One alternative you might try if you want to appear on the screen at the same time is to record a video call. Nearly everyone must have had a Zoom or Skype video chat in the last few months.

Why not try recording a Zoom meeting with a collaborator? There is a feature in Zoom to record a video call, though you may want to use proper screen recording software to have more control over the end product.

OBS Studio is free screen recording software that works on either Mac or Windows. Why not set up your video camera to shoot you from a different angle simultaneously so that you can edit it into your video later, as well?

Conclusion

The Covid pandemic shouldn’t stop you from collaborating on YouTube just because you can’t physically meet up with another YouTuber. Now that many people are either working or learning from home, technology makes it easy to collaborate with anyone anywhere in the world.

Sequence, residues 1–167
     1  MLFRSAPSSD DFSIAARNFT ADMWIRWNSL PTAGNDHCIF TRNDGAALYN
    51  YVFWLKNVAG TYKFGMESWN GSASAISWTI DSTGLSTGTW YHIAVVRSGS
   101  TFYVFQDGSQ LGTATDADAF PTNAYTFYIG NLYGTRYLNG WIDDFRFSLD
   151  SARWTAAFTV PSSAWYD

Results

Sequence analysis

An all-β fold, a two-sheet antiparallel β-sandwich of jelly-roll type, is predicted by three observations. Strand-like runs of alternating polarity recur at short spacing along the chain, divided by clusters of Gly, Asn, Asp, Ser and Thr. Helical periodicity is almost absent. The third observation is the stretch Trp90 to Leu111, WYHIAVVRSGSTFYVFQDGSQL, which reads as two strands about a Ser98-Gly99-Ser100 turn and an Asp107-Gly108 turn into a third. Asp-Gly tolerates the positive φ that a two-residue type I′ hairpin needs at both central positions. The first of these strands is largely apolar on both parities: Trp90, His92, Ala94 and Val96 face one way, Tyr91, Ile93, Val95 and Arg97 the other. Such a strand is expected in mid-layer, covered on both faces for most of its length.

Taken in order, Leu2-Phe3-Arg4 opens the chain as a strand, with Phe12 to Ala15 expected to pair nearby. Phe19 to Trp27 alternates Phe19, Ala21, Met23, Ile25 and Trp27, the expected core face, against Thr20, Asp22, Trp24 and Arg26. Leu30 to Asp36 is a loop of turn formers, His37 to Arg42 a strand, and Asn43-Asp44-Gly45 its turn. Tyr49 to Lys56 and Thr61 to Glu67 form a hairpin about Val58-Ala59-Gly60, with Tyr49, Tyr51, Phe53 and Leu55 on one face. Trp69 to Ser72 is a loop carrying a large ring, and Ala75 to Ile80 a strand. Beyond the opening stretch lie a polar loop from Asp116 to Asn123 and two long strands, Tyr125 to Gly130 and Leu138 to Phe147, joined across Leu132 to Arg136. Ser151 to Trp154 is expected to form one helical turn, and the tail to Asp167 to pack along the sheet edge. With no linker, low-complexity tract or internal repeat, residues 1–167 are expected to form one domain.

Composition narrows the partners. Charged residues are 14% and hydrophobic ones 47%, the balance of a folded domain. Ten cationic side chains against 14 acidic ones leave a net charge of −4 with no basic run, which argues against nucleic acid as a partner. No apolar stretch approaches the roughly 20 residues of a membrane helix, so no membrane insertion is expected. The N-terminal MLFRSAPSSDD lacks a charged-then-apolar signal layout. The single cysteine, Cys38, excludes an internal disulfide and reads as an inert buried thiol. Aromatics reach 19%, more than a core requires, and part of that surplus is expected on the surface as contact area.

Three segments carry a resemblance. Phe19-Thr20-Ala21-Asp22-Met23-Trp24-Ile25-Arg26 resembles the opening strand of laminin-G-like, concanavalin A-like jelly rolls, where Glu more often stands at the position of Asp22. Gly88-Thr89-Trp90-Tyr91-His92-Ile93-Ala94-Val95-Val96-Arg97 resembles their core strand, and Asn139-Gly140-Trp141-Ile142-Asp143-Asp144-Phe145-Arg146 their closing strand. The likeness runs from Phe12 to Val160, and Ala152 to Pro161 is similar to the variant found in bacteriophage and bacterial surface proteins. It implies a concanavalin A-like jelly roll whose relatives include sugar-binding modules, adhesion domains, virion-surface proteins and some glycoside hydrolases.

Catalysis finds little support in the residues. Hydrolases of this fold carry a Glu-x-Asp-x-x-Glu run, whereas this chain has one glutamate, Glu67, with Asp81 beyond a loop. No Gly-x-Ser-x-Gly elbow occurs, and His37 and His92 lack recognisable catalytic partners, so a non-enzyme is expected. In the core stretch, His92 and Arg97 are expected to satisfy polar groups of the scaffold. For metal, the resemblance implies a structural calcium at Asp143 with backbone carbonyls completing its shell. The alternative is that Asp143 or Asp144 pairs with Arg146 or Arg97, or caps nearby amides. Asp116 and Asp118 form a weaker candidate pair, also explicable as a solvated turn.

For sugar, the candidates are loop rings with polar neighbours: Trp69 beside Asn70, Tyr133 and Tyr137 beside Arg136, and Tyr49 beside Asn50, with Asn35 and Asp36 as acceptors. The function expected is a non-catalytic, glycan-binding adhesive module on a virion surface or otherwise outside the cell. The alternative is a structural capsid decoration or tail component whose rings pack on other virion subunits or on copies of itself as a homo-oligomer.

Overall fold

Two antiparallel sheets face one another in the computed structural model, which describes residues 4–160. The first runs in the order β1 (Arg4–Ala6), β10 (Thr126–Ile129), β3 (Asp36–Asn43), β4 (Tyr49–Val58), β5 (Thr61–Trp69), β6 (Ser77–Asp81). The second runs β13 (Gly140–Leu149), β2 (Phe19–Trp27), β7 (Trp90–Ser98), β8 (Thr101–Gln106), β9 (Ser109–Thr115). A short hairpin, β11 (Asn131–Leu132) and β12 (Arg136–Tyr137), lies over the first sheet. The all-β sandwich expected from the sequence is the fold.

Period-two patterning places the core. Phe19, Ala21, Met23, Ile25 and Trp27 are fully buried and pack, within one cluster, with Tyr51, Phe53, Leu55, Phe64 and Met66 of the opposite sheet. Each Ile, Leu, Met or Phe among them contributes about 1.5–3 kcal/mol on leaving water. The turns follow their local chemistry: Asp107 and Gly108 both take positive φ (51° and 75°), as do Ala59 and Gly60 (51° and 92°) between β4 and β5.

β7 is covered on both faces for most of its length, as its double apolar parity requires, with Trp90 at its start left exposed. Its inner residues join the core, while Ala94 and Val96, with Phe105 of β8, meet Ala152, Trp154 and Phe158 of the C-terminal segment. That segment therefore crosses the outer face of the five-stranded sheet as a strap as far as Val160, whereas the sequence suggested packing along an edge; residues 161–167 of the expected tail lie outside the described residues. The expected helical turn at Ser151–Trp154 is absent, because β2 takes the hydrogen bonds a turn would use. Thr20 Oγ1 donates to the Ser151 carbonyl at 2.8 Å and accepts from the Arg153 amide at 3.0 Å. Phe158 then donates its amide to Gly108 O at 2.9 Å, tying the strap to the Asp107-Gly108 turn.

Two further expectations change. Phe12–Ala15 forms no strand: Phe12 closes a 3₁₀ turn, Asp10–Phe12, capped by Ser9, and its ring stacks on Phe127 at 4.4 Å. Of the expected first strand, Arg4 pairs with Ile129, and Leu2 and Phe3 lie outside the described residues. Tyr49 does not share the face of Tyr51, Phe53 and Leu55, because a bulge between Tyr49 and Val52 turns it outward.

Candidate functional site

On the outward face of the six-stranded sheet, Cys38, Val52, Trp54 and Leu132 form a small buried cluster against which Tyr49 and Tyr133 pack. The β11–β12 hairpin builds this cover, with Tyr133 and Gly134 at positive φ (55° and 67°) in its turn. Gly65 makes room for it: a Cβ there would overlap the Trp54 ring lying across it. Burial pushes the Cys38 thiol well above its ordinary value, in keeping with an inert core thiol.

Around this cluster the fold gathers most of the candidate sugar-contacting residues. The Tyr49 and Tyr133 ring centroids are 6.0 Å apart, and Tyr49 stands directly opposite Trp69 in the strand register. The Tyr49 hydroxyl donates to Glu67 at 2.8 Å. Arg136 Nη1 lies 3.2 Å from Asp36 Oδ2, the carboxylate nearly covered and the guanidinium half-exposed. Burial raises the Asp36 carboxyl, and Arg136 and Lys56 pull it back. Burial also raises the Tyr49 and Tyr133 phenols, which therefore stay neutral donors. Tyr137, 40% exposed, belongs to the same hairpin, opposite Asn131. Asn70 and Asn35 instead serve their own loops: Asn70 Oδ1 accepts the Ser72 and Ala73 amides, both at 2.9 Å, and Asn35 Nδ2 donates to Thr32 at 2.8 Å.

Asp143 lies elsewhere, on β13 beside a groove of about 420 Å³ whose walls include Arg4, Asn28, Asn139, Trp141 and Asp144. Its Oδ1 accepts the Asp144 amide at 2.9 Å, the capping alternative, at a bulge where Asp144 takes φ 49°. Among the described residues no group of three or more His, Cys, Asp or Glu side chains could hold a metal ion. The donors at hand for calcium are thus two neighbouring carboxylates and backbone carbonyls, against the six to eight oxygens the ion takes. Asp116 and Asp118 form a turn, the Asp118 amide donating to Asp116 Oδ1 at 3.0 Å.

When you look for a collaboration partner, make sure to choose one that will compliment your channel’s niche. Search your current subscribers to see if they have a similar-sized channel that could have collaboration potential.

But, you should try to find a few possibles, because not everyone will want to collaborate – it’s about finding the right people at the right time.

When you have your list, send out a pitch message. Greet them by name, keep it short, and say something nice about their channel.

When you find a collaborator, decide which type of collaboration to do. It’s OK to start small with a shoutout or two, and later on, work your way up to a clip or even full channel swap. Good luck.

 

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SOCIAL MEDIA TIPS & TRICKS VIDEO YOUTUBE

HOW TO COLLABORATE ON YOUTUBE — HOW TO BECOME A YOUTUBER (EP 08)

How To Collaborate on YouTube – How To Become A YouTuber // Collaborations on YouTube are a sure fire way to grow your channel and make some new friends, but how do you collaborate on Youtube? What are collaboration videos? And what type of youtube collaboration videos could I make?

HOW TO BECOME A YOUTUBER –https://www.youtube.com/watch?v=WHIkhNXEdWQ&list=PL09mwoOn57VSuTnztdl8MLEawAEgE3rx_